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One U.S. City Trying to Rid Itself of People Who Pay Expired Parking Meters for Others

Every so often, you’ll hear someone who’s confronted by a circumstance that strikes him or her as being acutely out of step with the general philosophical guideposts of this nation say, “Wait…I thought this was America.”

My guess is that you and I are saying that, in some form or another, with greatly increasing frequency these days. There’s just a lot going on that strikes so many of us as being, well, un-American.

You can add this to the list:

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According to the online media platform MRCTV, in Keene, New Hampshire, a group of area residents, known as “Robin Hooders,” make it their business to deposit change in the downtown parking meters for random citizens before local parking enforcement personnel have a chance to ticket the cars. We’ve probably all, at one time or another, had the experience of jumping up from a restaurant table and breathlessly running out to our parked car to pour more money into the meter before the “meter maid” walks by and sees that it has just expired. Well, the “Hooders,” as they’ve come to be known, take care of that for random folks in the city of Keene.

The problem for the “Hooders,” however, is that the city of Keene takes none too kindly to the altruistic effort; you see, by some estimates, the actions of the “Hooders” have deprived Keene of roughly $40,000 per year in parking fines since 2013. In response, the city has made it a prime mission to wipe out the “Hooders” by subjecting them to legal redress.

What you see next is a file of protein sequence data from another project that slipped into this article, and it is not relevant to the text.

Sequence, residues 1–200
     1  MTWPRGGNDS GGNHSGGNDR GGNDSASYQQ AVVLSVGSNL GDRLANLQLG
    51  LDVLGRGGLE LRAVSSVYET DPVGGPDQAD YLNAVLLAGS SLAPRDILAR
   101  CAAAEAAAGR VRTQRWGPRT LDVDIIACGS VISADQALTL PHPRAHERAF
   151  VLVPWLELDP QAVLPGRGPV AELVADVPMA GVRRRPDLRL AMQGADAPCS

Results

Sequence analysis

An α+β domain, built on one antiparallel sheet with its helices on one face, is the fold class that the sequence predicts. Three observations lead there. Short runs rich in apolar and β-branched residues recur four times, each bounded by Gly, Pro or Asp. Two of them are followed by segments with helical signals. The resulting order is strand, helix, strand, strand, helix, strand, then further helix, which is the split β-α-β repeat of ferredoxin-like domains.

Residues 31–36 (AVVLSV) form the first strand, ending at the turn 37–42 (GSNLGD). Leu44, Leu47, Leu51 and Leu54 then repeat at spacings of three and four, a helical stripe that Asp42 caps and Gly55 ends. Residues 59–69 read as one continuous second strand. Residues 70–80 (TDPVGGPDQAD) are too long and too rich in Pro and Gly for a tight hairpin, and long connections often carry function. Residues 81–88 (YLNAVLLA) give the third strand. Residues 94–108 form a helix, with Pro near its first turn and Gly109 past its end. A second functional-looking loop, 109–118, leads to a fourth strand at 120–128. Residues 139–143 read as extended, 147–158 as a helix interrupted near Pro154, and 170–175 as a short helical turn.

Up to this point, the city’s efforts at preventing a group of people from depositing change into parking meters to help out fellow citizens have proven unfruitful. Amazingly, Keene, up to this point, has spent about $78,000 of taxpayers’ money to try to shut down the “Hooders,” to no avail. According to MRCTV, legal action commenced in 2013, when the city sued individual members of the group, alleging that they were preventing parking enforcement officers from doing their jobs, to include harassing them on the street. The “Hooders” won that particular case, with the New Hampshire Supreme Court (yes, the case went that far) saying it could find no evidence of the harassment alleged by the city. As it happens, the very job description of parking enforcement officers in Keene says that they should expect to receive comments from citizens in the course of doing their jobs; in other words, garden-variety comments from the public do not constitute harassment, apparently, in the eyes of the NH Supreme Court…nor should they.

The city of Keene is now appealing another “Hooder” court decision that went against the municipality. However, based on how the court cases with respect to this matter have gone so far, Keene officials should not be holding their breaths for a victory. What’s particularly sad is how determined the city is to litigate this matter at all.

After all…I thought this was America.

By Robert G. Yetman, Jr. Editor At Large

 

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